In some ways, retailers and credit card companies are trying to be proactive in the fight against credit card fraud. For example, Visa developed software to detect whether it is you or an impostor who is using your credit card at a gas station pump. The use of new EMV-chip credit cards will help prevent fraud, because they contain a chip that generates a unique code for each transaction.
There is no doubt that these are steps in the right direction. Software and chip technology are innovative solutions that have taken time to come to fruition. Unfortunately while resources are used to develop these more complex solutions, businesses often forget to consider simpler, more obvious solutions for credit card fraud.
A case in point is the failure to change the default passcode on credit card machines. According to CNNMoney, 90 percent of credit card readers currently operating at retailers use the same passcode. This passcode, set by default on credit card machines dating back to 1990, can be found via a quick Google search. With this passcode, an attacker can obtain control of a store’s credit card reader by hacking into the machine and infecting it with malware that steals customers’ payment data according to cybersecurity firm Trustwave.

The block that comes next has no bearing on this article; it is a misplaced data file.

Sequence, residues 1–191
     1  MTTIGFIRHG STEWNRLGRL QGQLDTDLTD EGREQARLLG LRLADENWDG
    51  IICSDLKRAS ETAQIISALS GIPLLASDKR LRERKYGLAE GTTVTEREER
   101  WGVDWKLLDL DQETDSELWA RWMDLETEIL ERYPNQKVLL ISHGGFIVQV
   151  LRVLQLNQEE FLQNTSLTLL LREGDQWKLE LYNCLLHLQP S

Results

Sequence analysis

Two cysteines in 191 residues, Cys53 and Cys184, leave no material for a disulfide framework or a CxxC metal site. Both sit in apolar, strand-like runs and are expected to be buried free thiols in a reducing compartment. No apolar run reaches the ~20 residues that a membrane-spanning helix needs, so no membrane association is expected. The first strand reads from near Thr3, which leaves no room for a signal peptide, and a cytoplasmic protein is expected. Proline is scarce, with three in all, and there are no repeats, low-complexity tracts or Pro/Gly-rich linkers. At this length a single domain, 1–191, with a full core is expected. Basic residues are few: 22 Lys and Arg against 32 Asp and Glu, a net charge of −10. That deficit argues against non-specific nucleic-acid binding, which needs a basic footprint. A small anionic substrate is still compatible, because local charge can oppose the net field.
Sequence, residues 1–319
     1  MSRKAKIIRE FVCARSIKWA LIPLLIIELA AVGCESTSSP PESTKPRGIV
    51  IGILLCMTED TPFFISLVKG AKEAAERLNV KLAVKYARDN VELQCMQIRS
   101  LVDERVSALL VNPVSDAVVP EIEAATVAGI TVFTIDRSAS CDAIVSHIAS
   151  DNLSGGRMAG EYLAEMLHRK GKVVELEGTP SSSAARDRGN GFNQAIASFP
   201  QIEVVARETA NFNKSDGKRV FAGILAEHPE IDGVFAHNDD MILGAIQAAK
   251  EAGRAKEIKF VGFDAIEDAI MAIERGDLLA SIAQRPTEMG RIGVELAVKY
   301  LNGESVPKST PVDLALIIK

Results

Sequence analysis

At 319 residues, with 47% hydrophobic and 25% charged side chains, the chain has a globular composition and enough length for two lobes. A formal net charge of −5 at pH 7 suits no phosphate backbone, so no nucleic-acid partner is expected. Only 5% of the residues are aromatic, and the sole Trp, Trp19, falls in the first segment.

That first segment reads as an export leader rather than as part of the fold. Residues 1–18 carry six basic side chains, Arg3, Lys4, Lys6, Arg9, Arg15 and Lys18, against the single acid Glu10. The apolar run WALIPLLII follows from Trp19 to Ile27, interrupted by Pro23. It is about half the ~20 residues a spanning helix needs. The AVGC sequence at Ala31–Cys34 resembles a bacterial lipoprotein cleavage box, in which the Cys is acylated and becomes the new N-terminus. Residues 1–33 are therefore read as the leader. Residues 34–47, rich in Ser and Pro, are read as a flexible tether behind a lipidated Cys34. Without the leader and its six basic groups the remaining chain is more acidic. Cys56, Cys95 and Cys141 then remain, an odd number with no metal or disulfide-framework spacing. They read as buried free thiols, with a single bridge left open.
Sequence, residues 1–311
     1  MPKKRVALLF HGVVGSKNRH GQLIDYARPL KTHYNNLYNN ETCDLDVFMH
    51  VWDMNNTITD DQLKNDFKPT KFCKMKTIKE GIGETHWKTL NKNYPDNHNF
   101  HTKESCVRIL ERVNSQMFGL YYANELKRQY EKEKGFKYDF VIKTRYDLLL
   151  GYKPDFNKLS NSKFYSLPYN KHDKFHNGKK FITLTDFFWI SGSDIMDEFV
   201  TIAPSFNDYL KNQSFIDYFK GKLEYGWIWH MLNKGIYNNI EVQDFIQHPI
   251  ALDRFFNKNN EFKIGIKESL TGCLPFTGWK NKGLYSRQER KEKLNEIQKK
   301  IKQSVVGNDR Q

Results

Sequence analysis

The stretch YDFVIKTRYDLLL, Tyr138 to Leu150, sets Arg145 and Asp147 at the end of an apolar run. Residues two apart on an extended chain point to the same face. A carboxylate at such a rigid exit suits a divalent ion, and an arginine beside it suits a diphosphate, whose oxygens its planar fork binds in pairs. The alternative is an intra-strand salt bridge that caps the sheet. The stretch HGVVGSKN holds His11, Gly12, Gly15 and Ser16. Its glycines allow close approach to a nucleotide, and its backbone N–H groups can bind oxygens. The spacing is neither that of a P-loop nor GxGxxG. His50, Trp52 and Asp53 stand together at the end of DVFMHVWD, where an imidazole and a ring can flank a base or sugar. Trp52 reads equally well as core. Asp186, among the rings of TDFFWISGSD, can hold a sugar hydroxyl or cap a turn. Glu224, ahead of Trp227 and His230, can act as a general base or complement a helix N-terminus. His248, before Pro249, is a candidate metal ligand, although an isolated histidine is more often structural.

The problem is essentially an instance of passing the buck. According to Trustwave executive Charles Henderson, manufacturers sell the card readers to distributors. These distributors then sell them to retailers. Unfortunately, no one believes it’s their responsibility to change the master code. They think security of the point of sale falls on someone else’s plate.
This is a misperception of all parties, because it should be a shared responsibility. Retailers should be securing their own readers, and the resellers should be helping them to do it. For more information on the laxity in security measures, take a look at the Verizon 2015 PCI Compliance Report.
(Photo: Home Depot Credit Card, Flickr)